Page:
Royal Truck is currently promoting the ATMA product. The company was chosen as a partner because its trucks have an enormous amount of technology related to cone distribution and retrieval, radar systems, camera and video recording systems, and high-tech crash attenuators, all revolving around workzone safety.
Regulations encompassing the notion of driverless crash trucks haven’t been developed in many countries so Kratos and Royal are working to educate transportation officials and help them develop legislation and rules regarding unmanned construction vehicles on roadways.
Kratos and Royal are working with the construction industry and the agencies that monitor the operation of truck-mounted attenuators and are also lobbying officials in transportation departments in the U.S., Canada and U.K., which are tasked with developing rules around unmanned vehicles. Meanwhile, they are also working with insurance companies to help them understand the liabilities of using unmanned vehicles.
Regulations are more relaxed in the U.K. and Europe, Factor says, but are still a challenge in North America, and the company is working through the systems and rules.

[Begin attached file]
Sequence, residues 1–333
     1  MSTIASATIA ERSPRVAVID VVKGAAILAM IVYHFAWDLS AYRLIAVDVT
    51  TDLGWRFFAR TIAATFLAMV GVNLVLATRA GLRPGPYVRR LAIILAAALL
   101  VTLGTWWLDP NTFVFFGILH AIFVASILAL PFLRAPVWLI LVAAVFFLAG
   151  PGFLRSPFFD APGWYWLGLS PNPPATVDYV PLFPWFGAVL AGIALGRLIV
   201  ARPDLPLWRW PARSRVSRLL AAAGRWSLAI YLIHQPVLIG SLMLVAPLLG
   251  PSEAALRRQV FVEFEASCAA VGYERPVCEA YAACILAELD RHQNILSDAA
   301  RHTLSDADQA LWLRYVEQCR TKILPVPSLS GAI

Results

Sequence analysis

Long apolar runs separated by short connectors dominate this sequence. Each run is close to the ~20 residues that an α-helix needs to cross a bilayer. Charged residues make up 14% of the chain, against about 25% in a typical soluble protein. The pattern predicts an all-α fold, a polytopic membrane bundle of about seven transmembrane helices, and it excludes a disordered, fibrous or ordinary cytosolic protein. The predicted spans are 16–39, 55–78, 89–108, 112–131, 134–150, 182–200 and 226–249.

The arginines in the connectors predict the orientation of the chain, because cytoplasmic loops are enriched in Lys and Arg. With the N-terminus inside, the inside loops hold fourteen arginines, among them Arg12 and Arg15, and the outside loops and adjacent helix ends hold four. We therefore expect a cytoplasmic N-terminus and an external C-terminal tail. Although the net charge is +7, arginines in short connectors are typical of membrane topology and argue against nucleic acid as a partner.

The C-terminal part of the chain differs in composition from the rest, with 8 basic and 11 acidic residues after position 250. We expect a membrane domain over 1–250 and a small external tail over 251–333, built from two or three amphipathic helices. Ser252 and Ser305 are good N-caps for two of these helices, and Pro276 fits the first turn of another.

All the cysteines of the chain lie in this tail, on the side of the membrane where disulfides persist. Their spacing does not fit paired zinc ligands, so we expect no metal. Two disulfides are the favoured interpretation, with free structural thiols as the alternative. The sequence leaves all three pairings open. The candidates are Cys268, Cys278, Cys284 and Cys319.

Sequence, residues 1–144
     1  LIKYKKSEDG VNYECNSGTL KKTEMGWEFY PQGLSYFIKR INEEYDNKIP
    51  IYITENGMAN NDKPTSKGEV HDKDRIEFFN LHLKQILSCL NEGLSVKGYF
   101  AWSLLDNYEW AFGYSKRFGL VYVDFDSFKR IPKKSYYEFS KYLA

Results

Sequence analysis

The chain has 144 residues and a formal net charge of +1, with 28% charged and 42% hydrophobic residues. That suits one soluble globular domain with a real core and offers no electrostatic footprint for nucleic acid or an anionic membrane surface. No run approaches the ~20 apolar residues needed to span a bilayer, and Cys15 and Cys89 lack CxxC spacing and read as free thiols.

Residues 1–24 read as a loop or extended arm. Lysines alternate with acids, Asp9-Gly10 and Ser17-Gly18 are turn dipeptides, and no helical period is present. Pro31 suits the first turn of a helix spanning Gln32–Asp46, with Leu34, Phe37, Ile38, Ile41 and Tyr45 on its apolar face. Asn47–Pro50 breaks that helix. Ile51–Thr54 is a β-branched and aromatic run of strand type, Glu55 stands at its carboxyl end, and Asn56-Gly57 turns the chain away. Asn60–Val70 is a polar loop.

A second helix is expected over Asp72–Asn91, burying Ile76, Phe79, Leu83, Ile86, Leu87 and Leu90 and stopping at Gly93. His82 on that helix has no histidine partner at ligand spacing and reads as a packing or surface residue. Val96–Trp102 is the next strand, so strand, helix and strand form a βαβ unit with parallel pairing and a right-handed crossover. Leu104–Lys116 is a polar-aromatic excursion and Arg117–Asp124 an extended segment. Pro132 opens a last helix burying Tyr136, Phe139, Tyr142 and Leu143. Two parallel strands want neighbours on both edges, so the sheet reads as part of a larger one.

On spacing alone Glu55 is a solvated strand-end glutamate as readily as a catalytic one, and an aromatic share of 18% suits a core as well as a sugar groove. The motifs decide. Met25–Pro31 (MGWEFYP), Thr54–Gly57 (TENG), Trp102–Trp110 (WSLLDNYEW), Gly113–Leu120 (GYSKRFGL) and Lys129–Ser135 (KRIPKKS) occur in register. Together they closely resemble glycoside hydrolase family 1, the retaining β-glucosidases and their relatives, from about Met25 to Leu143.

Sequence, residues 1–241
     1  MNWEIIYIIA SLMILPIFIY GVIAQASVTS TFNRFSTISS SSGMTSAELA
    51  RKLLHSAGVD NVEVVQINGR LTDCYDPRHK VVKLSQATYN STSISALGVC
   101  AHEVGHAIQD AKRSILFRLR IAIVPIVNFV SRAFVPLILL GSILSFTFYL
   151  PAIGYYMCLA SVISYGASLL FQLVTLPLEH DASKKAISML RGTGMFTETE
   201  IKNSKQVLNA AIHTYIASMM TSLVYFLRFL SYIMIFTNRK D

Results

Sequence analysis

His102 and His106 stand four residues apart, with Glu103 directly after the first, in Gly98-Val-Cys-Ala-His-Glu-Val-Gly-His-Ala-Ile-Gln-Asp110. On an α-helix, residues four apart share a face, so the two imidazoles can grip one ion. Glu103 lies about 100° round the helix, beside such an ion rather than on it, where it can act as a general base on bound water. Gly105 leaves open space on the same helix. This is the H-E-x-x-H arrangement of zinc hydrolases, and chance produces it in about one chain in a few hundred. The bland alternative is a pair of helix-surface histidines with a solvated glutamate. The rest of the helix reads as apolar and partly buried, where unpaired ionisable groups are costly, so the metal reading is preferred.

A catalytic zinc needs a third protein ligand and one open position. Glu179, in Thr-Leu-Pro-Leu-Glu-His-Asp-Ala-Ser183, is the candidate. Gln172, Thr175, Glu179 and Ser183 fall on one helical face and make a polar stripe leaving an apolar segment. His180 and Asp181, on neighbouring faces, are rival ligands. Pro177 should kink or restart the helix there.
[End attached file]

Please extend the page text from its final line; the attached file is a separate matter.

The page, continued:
Kratos and Royal Truck, meanwhile, are also working with the construction industry, the people who build the roads and the agencies that monitor the operation of truck-mounted attenuators.
ATMAs will soon be deployed on sites in a U.S. state and Kratos and Royal Truck are teaming up with Colas, a large construction company in the U.K., which is eager to test the technology. Kratos and Royal truck will work with Colas engineers to install the new technology and the data collected will be analyzed and incorporated into the rollout of future vehicles.
Colas associate director Dennis Gregg says the company is always looking for new and innovative ways to improve the safety of both road construction crews and the road-using public.
Factor was not willing to disclose the exact cost of the system, but noted that it can be installed on existing trucks so companies don’t have to buy new vehicles. He envisions a world of automated road construction vehicles and support equipment from crash trucks to road painting vehicles, water trucks, grinders, traffic cone distribution and pickup vehicles and asphalt rollers.
“If you take a step back and think about it this is really the way to move forward with this crash attenuator vehicle,” he says. “Nobody needs to drive it onto a site. You’re eliminating a human from a very dangerous situation.”